WILLIAMS, Ariz. - From the outside, it looks like just an ordinary shed. But inside, the building on the First Baptist Church property is home to KZBX 92.1 FM - Williams' low power community radio station.
Williams resident Leslie Stevens started the station about two months ago after a 40-year career in the radio business in Southern California, Phoenix and Tucson. KZBX plays music from the 50s, 60s, and 70s.
"We focus on long lost oldies, the stuff that people haven't heard before," he said.
Stevens moved to Williams about five years ago after retiring from the radio business. He was looking for a hobby when he found out the Federal Communications Commission (FCC) was allowing a select number of low power FM radio stations to start up.
"I sunk every dime, every nickel on just getting a license going," Stevens said.
Stevens already had some vintage radio equipment, which he rebuilt to get the station up and running. He also had to get some engineering work done to determine what kind of antenna to use. However, when Stevens got the go ahead from the FCC, he was on the air in about an hour. People can now tune in to KZBX as far as about 10 miles outside of town.
"We're just as good as the big boys, we're just on a smaller scale," he said.
Stevens said Williams hasn't had a community radio station in some time, and that every small town should have one.
"It's very important that we have a community radio station in this town because there was no way for most people to get traffic and weather updates as they happen," he said.
The station also informs people about Amber Alerts.
While Stevens announces community events on KZBX, the station does not sell advertising or make a profit.
"It's basically a big expensive hobby," he said. "I'm like a kid in a candy store."
Stevens usually does a radio show from 4 to 6 p.m. Fridays and Saturdays. He also has a syndicated radio program, "The Route 66 Oldies Show," that plays on 350 radio stations around the world.
Besides Stevens, P.J. "the DJ" Messimer is KZBX's other radio personality. Her show, "As the Years go by," airs from 6 to 8 p.m. on Fridays and Saturdays. In addition to playing 60s and 70s music her son's music, Messimer conducts interviews. So far she's interviewed Mike Rioux with Hope for the World Ministry and Patrick O'Brien with O'Brien Auto Glass.
"It's kind of off the cuff with a few little questions I may have had ahead of time, but I'm really just bouncing off the person, so it's very casual," she said.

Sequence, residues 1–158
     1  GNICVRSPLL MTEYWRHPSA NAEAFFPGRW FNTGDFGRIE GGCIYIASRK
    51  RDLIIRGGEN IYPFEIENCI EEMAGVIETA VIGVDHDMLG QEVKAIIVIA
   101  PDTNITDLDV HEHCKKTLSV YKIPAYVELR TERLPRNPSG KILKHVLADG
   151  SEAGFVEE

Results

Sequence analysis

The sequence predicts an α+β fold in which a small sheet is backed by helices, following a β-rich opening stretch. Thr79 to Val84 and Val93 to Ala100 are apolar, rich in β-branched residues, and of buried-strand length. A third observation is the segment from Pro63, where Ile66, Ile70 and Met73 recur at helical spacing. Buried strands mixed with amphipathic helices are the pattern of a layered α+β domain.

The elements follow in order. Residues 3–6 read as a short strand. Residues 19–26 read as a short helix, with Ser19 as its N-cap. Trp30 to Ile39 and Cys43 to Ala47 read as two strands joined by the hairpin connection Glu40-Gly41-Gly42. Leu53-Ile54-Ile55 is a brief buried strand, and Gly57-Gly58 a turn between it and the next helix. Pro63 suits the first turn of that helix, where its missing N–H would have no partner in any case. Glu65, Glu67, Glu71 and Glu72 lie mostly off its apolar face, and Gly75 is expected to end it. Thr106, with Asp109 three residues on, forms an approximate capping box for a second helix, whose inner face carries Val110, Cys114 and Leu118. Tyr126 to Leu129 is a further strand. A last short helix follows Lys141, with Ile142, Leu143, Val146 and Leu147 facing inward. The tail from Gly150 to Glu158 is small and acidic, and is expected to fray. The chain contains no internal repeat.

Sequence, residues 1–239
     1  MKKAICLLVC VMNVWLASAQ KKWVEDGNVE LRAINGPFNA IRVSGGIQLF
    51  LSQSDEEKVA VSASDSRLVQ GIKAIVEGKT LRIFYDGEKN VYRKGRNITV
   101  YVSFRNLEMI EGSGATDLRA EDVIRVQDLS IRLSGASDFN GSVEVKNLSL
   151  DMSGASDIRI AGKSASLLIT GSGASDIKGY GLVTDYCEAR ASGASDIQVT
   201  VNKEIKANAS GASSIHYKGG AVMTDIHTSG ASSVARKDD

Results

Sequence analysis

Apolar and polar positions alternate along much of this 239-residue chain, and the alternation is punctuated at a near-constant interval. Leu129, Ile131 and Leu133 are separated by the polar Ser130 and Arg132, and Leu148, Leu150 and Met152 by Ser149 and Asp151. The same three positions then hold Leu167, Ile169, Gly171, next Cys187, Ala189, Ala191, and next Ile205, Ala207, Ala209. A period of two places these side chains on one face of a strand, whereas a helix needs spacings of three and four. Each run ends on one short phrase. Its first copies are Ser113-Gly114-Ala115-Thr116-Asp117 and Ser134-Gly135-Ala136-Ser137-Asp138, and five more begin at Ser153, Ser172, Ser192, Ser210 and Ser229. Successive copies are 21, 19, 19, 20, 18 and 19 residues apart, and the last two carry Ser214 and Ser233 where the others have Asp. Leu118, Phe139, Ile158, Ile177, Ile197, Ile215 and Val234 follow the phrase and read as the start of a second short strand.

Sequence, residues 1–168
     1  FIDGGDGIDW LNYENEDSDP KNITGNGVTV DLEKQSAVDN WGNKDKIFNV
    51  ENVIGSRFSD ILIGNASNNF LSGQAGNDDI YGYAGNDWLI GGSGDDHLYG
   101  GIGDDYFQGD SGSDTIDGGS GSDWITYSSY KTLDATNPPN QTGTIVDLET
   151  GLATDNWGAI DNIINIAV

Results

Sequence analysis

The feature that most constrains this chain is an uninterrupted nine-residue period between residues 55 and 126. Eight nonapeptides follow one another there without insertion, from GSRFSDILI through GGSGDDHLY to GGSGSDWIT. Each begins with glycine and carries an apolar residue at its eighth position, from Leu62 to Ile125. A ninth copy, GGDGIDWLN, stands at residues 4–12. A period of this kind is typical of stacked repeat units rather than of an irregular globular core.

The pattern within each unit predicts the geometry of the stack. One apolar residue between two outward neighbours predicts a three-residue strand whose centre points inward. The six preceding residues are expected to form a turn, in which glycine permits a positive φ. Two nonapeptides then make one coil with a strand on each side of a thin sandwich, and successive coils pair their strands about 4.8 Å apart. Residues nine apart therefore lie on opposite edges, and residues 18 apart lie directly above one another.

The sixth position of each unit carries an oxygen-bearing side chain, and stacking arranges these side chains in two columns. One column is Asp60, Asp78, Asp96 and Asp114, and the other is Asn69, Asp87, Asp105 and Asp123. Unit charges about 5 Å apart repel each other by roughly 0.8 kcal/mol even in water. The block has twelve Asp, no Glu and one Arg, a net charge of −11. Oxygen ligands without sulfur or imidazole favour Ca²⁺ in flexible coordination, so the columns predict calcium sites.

Messimer already had some radio experience from working as a DJ at her college radio station in Rochester, New York. She did that for two years before moving to California where she met her husband and started a family.
Then in 1991, Messimer took a radio broadcasting course at a California community college.
"This was when women were just coming into broadcasting on the radio and TV," she said. "(My professor) gave me a phone number of an LA station and he said, 'Talk to this guy, you've got a career ahead of you.'"
However, since she was raising her family, Messimer just accepted the compliment and put the opportunity on hold.
When she moved to Williams, Messimer's husband stumbled upon KZBX and started listening to it because he liked the music. After hearing Stevens promote local events, they realized he was broadcasting from Williams. Not long after, the Messimers ran into Stevens at a local restaurant and arranged for P.J. to try out her show.
With her kids grown, it was the perfect time for Messimer to get back into her radio hobby.
"Talking into the microphone and doing the music, really it's so natural, it just feels like it's part of my body," Messimer said.
Although the radio station is just getting started, Stevens said he has several ideas in the works.
First off, he is looking for more people who are interested in helping out with the station, either by hosting their own show or serving as the DJ. No experience is necessary.
"It's a community radio station, which means we are looking for people to actually come in and play their own music, be their own DJ, do their own thing," Stevens said. "They can play whatever they want to play, within reason obviously, and have fun with it. It's a fun station for the town."
Also in the future, Stevens would like to do live coverage of local events like car shows and rodeos, as well as high school sporting events.
"What's good about that is because if we're on the Internet, little Bobby's grandfather can listen to his kid play baseball on the Internet," Stevens said.
For now though, Stevens is just enjoying running the radio station and watching it develop.
"My main goal was to have fun with the radio station, have other people have fun, do traffic and weather and make people happy with the music," Stevens said.
More information about KZBX is available from Stevens at (928) 925-1675.